Chevron Phillips Chemical Executive Says Innovation is Key to Europe’s Ability to Compete
Development of energy sources around the world drives the availability of petrochemical feedstocks, and for most of the past two decades, much of that development has been in the Middle East leading to a surge in petrochemical production in that region. If the European petrochemical industry hopes to remain competitive, it must continue to capitalize on its historic advantage in innovation and further work on developing its specialty products portfolio, according to Benny Mermans, Europe and Africa region general manager at Chevron Phillips Chemicals International N.V. (Chevron Phillips Chemical).
In his presentation “Adapting in a Changing Feedstock Environment: U.S. Driving the Way” at the Global Petrochemical Conference, Mermans said, “Focusing on innovation is even more important in light of the prolonged economic crisis which continues to impact demand and margins in much of Europe. The mega complexes being built today will likely have difficulty effectively competing in this highly specialized area.”
As an example of this emphasis on specialty products, Chevron Phillips Chemical announced it will expand its Tessenderlo, Belgium plant by adding the capability to manufacture sulfur-based organic products starting with elemental sulfur. In 2011, Chevron Phillips Chemical acquired a PAO plant located in Beringen, Belgium from Neste Oil, NV. This is a strategically important acquisition because it establishes a European production base for PAOs and expands its PAO capacity to better serve our customers and growing demand.
Mermans also understands the challenges European producers face. He said, “Many regions in the world have shale formations and potential shale gas and shale oil resources, and we expect that these will be developed, providing petrochemical investment opportunities in the future. The challenges that must be overcome to fully develop these resources in Europe include land access, regulatory hurdles, infrastructure development, and continued development of drilling and completion technologies.”
“To get access to competitive feedstock within its borders, European producers must encourage development of European energy resources, creating an environment of plentiful gas supply. This would take substantial cooperation and development,” Mermans continued.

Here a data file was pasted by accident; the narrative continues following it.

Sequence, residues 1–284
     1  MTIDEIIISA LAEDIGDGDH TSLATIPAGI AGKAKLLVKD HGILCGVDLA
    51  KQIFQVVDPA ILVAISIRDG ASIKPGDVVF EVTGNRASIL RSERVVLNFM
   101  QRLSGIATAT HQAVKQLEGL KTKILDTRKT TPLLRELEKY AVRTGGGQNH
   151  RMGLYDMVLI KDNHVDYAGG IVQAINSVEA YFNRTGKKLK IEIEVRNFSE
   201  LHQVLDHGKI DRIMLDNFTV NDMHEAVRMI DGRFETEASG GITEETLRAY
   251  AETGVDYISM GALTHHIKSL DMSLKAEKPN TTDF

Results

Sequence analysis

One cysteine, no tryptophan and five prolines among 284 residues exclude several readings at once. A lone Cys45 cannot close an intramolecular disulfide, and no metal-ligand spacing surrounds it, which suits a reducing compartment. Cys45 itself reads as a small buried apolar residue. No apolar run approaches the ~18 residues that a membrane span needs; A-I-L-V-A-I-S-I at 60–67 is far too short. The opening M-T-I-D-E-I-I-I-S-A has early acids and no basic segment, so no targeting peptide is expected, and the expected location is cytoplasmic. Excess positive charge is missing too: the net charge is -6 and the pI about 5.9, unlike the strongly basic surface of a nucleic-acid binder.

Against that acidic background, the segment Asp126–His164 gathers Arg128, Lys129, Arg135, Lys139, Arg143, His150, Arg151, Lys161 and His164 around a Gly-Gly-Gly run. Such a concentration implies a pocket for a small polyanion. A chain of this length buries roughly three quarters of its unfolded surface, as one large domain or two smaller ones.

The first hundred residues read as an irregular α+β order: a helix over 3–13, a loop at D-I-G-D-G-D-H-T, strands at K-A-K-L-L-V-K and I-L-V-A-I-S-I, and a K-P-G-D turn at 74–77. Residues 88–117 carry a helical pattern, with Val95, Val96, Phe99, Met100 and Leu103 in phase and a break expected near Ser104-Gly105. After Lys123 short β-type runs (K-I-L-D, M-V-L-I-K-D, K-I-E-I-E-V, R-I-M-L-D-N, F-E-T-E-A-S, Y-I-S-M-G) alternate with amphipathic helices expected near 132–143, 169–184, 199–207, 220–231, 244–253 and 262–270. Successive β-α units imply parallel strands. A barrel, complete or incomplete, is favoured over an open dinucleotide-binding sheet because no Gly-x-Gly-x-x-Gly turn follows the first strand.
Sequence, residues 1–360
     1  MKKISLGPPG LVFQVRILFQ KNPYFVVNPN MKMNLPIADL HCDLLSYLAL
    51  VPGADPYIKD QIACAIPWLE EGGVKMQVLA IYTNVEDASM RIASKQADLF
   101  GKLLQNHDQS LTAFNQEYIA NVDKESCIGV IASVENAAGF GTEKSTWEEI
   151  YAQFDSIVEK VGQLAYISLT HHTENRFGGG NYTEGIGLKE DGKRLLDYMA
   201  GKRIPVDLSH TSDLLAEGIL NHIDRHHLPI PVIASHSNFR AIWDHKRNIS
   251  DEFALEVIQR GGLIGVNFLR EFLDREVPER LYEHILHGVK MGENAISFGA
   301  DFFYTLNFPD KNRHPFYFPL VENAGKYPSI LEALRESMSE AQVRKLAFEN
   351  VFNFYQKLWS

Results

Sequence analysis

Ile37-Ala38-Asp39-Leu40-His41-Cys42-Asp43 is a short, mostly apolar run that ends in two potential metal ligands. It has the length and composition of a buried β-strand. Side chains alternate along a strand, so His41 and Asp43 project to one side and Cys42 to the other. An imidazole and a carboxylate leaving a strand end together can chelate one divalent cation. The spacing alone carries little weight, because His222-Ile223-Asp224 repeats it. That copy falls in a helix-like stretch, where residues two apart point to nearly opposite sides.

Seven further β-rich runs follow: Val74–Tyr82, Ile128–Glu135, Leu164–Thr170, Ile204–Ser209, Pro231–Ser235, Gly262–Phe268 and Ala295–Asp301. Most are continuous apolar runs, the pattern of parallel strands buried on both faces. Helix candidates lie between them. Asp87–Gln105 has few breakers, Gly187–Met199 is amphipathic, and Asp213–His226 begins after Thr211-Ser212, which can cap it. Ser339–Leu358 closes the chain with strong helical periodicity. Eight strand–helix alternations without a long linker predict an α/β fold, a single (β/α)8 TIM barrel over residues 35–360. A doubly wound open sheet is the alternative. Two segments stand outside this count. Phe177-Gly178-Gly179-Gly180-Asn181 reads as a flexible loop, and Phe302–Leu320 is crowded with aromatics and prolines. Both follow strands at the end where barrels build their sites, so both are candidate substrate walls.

During his presentation in Frankfurt, Germany, Mermans highlighted that Chevron Phillips Chemical has filed permit applications to build an ethane cracker with an annual capacity of 1.5 million metric tons at its Cedar Bayou facility in Baytown, Texas and two polyethylene units each with annual capacity of 500,000 metric tons in Old Ocean, Texas. Final approval for the project is expected this year.
“The proposed investment reflects our strong confidence on the opportunity that development of abundant shale resources affords the United States and the world,” said Mermans. “We estimate that global demand growth for ethylene over the next ten years could support the equivalent of 3-4 new world-scale crackers per year, and we believe the development of shale energy resources around the world will also catalyze new investments in petrochemicals and plastics. Satisfying global demand growth will require continued high investment in petrochemicals and plastics globally,” he continued.
About Chevron Phillips Chemicals International N.V.
Chevron Phillips Chemicals International N.V. is a subsidiary of Chevron Phillips Chemical Company LLC and is the headquarters for Europe, Africa and the Middle East regions. Chevron Phillips Chemicals International N.V. has three production facilities in Belgium including a specialty chemicals plant in Tessenderlo, an engineering polymers compounding unit in Kallo-Beveren and a polyalphaolefins plant in Beringen. Chevron Phillips Chemicals International N.V. markets and sells specialty polymers, olefins and polyolefins, specialty chemicals, aromatics and styrene.